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Disclose – Yesterday’s Fairytale…

Only 1 left in stock


Layer upon layer of noise and distortion, like ashes of nuclear apocalypse raining down. The final LP Disclose released, in 2004, captured the band at a high point. When other d-beat raw punk bands were running low on ideas, Kawakami reinvented the sound, incorporating more metallic influences like Broken Bones while still sticking assiduously close to the template. Originally released for Disclose’s tour of the US west coast, ‘Yesterday’s Fairytale, Tomorrow’s Nightmare’ includes ten tracks and closes with a rampaging masterpiece, the 10-minute ‘Wardead,’ which exists on another astral plane from generic Discharge copyists.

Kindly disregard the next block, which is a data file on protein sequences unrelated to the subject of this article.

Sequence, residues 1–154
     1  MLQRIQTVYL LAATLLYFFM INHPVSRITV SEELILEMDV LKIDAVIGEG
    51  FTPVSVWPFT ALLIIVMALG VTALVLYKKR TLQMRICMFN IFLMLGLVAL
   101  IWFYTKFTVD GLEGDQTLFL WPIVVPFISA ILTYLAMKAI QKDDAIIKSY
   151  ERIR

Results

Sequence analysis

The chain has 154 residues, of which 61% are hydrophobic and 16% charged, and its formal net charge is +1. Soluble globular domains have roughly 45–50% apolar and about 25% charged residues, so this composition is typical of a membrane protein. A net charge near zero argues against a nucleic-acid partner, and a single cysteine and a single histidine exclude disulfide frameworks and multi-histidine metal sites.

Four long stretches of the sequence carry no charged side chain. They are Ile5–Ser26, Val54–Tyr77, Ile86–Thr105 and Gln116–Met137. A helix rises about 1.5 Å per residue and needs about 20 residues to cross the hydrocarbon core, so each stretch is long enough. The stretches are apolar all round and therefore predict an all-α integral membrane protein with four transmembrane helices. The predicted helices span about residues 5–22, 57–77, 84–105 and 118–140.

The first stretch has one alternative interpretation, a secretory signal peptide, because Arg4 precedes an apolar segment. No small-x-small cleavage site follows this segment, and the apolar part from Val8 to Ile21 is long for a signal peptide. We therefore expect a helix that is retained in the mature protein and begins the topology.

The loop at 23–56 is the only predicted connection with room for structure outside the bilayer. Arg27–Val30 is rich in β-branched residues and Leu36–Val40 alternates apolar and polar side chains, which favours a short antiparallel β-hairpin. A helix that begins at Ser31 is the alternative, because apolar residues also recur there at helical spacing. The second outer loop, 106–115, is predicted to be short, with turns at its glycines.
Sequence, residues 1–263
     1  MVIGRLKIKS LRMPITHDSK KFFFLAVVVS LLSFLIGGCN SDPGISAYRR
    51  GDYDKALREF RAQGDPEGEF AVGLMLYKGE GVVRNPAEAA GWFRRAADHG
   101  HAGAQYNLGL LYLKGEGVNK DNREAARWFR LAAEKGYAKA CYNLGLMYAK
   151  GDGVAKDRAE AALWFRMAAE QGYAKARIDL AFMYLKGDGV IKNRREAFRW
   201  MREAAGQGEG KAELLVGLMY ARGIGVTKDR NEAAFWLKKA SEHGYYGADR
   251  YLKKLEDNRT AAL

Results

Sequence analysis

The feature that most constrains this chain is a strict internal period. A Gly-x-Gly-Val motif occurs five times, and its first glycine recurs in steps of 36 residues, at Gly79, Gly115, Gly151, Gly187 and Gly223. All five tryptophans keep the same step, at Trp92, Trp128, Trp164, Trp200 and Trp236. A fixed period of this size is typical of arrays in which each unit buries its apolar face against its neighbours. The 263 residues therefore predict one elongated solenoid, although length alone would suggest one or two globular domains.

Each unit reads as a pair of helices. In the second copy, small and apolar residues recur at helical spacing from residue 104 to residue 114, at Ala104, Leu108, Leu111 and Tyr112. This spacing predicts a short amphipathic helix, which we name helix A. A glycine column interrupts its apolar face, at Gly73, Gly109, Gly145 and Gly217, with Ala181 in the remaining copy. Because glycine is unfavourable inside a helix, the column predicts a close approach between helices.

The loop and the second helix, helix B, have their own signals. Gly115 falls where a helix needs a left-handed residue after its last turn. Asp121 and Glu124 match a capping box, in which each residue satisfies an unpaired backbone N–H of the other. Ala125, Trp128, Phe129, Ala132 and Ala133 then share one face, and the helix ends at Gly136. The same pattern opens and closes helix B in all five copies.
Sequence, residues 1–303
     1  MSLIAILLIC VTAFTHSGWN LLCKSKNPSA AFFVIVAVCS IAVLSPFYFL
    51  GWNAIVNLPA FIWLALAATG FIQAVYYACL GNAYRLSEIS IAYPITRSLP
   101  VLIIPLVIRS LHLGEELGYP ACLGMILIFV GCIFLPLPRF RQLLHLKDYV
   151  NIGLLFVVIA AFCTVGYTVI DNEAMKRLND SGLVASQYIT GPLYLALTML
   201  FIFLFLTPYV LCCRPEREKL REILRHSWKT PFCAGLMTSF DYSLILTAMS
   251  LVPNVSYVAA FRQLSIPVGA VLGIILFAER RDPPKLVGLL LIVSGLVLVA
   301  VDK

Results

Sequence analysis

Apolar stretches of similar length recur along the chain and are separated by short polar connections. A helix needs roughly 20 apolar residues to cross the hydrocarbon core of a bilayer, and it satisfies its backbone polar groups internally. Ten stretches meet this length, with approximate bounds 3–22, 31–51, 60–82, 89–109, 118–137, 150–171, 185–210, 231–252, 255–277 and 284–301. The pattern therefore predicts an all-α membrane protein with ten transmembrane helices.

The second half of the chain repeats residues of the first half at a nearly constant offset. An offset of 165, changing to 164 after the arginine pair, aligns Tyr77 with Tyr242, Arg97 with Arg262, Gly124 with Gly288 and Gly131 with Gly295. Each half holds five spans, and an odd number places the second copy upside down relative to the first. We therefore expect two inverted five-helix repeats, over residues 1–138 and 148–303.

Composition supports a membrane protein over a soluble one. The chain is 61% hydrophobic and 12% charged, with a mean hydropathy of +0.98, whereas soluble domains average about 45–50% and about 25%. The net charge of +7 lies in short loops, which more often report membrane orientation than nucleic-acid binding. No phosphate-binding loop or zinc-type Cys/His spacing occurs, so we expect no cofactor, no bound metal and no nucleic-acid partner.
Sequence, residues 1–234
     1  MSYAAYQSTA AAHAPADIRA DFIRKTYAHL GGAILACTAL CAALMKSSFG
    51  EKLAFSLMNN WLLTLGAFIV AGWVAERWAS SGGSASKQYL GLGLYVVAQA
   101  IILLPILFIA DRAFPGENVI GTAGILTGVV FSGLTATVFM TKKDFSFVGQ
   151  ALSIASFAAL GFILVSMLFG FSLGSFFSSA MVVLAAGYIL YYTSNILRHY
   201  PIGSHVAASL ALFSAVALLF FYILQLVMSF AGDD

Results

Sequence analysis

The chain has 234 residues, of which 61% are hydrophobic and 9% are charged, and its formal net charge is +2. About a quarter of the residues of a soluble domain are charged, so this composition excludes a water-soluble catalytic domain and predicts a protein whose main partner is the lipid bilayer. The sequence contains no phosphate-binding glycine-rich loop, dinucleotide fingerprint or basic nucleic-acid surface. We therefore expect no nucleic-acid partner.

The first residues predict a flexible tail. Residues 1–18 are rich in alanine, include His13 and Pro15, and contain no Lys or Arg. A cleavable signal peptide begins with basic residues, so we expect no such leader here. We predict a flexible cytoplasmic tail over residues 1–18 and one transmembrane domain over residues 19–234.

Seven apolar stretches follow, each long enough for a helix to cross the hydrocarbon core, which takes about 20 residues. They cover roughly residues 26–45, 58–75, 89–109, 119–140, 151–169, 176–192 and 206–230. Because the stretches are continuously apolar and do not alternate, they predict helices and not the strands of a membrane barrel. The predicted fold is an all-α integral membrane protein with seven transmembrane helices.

Our take: Reissue of one of the high water marks of Disclose’s “Disbones” period. I’ve always been really intrigued by this era of the band because I could never really figure out what they were going for… I’ve read that the “bones” part of “Disbones” is a reference to Broken Bones, but it’s always been difficult for me to figure out exactly how these records are meant to be inspired by Broken Bones. Kawakami definitely changed up the guitar sound for this era of the band, but I’ve always thought of Broken Bones as having a very compact, crunchy, and traditionally metallic guitar tone. The Disbones era of Disclose, on the other hand, is even rawer and more blown out than the band’s earlier stuff, with an over-the-top brittleness that comes off as almost post-modern to me. Perhaps it’s splitting hairs to dissect the guitar sound on this record so much, but hey, that’s what Disclose has always been about to me… about getting lost in the minutiae of the Discharge sound and tradition. It’s almost as if each song implicitly asks the question, “what is d-beat?” Nowhere is that more apparent than the final track, “Wardead,” which is more or less “Free Speech for the Dumb” played on a loop for ten straight minutes. And to answer my own question, yes, it’s d-beat as fuck. I suppose that could be a big part of Disclose’s genius… the ability to work both as intellectual fodder and as big, loud, and dumb punk rock fun. As with LVEUM’s reissue of Tragedy, the packaging here is top-notch, with a nice tip-on style jacket. As a bonus, Yesterday’s Fairytale features liner notes by Stuart Schrader that are kind of like a Behind the Music for the period surrounding Disclose’s lone US tour, and they are essential reading in my book.


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